“Why should I care?” he says looking straight at me. Looking straight though me, as if trying to read my mind. “Why should I take the time to care…it seems like a lot of work. You’ve said as much yourself. Add to that, it’s pretty high risk.”
“Convince me,” he says, “Make the case as to why care is a worthwhile endeavor to embrace.”
I meet his gaze, and then fix my own eyes on the scene I observe through the second floor window, a landscape view found directly in my line of vision. I let my eyes wander even as my mind races to process such a loaded question.
Why care indeed?
Surely he has cared himself for someone. Has just as surely had someone care reciprocally for him too. Can he not then transfer what this care has meant to him, applying that same care as useful to another human being?
“Suppose,” I say to him, “Suppose you are living inside a bubble. It’s safe there inside that bubble. You are protected there, comfortable. There is no need to risk when you live in the bubble because everything is cushioned. There is nowhere to fall because falling is not an option. Failure is not an option. Discomfort is not an issue. You are completely protected, completely safe in your sterile little world.”
“You look around you and as far as the eye can see, all you can see are other bubbles. Each one a complete and self-serving little universe unto itself.”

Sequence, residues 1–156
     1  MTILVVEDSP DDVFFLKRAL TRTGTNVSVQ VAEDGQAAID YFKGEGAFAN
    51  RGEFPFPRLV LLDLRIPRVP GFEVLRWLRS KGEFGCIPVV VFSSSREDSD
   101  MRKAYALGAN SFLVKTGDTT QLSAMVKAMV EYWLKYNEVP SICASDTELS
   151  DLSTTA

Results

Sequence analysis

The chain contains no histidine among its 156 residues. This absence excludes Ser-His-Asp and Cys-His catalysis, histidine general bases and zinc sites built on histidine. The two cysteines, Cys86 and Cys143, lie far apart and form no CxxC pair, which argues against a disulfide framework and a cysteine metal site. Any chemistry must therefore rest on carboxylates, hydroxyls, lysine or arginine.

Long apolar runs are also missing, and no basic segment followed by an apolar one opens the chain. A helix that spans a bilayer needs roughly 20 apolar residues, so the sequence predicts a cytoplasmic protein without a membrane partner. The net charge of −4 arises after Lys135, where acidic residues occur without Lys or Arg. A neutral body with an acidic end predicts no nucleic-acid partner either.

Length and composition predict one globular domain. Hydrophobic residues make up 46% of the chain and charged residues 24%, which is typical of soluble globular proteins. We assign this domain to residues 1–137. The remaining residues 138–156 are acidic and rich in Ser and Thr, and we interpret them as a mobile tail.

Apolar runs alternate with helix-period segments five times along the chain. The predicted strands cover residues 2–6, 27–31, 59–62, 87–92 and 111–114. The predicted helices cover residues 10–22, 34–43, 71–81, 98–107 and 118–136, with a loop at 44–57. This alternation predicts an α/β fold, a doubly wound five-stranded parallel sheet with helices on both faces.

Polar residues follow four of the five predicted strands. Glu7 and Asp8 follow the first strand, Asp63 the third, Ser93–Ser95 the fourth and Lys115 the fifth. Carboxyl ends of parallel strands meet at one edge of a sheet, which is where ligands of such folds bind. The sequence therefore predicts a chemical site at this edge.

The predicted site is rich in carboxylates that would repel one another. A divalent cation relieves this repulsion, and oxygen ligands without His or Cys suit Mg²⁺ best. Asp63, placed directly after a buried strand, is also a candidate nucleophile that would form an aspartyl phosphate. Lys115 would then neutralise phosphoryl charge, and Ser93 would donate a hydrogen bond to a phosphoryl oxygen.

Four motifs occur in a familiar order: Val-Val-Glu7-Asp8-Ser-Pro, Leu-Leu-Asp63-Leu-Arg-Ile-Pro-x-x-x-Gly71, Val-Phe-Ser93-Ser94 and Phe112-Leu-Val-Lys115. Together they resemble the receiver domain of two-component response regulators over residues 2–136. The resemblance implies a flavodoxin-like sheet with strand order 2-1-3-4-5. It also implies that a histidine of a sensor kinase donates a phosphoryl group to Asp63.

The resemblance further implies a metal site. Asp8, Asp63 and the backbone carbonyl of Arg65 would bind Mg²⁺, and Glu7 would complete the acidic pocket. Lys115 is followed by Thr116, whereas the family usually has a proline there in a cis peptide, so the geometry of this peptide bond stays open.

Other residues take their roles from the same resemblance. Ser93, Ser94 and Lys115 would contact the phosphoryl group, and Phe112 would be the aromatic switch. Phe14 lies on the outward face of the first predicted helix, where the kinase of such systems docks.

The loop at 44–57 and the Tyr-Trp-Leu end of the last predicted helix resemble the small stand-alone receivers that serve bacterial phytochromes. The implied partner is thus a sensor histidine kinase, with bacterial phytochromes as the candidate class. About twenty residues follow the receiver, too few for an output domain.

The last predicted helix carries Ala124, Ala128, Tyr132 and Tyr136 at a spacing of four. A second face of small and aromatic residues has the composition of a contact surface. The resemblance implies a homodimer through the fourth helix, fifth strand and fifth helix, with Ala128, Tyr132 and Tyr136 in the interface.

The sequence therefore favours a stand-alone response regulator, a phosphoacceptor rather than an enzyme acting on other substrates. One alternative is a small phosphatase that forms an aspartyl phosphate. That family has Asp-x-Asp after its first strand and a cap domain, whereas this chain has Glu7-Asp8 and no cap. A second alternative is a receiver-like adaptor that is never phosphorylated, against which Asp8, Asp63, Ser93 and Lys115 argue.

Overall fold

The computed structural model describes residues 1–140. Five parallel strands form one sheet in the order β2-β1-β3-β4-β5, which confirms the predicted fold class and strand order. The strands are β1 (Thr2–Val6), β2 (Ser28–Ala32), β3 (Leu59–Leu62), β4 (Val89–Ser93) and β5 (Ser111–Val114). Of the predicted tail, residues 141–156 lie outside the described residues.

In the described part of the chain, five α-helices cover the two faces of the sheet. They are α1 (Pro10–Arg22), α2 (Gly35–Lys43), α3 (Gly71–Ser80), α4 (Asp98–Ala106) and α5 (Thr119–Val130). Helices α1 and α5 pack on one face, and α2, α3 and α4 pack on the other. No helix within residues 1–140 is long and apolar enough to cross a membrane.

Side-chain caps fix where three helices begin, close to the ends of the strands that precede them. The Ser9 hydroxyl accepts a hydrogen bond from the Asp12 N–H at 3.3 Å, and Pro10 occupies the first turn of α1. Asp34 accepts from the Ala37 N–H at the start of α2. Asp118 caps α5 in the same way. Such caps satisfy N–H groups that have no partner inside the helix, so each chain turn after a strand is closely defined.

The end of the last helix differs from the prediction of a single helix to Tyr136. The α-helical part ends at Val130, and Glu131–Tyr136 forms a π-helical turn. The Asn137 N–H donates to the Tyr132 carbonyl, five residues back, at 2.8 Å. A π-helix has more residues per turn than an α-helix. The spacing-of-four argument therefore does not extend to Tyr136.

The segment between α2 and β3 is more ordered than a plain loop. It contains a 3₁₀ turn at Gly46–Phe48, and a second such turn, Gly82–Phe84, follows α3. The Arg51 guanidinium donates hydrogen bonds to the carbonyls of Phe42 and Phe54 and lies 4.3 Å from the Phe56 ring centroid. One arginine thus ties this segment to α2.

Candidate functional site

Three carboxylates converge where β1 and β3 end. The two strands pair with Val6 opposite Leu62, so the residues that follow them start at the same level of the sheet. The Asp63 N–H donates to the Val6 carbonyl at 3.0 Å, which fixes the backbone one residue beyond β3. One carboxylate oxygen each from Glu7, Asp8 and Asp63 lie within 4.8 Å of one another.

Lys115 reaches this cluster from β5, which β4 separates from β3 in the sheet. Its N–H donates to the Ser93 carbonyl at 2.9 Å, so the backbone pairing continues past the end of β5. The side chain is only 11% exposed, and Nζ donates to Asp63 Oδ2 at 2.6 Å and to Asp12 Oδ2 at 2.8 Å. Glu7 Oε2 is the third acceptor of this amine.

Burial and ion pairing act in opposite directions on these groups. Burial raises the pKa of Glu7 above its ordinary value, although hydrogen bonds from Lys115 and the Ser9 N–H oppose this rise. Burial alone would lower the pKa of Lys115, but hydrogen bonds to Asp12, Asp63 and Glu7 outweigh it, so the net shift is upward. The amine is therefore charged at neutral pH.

“But where is the meaning,” I ask him. “Where is the joy, the pleasure, the pain, the knowing of anything else? Where is the living?”
We have but one shot at living this life. The opportunity to breathe and live and experience and understand and grow and know: this is our one human experience. We have no second chance at this, no do-overs.
Is life not worth breaking free from the confines of that feeble, fragile shell that hold us captive? Is it not meaningful to see beyond our shallow living and look past ourselves to the world of others that exist around us? Looking for care and understanding?
Is care not a form of hope?
And what of those who choose to remain inside. There will come a time when each, both those held captive as well as those who have been freed: each will require a helping hand, a word of care from another human being. We all need something. We cannot exist for the totality of our individual lives in complete isolation. And what then?
What then shall we require?
Will we not require from others, something more meaningful than indifference and distant contact? Something more substantial, in fact- sustaining? Can we not call that something CARE?
If then: we all will require care, how then can we not care now?
Convince me not to care: that is a better question.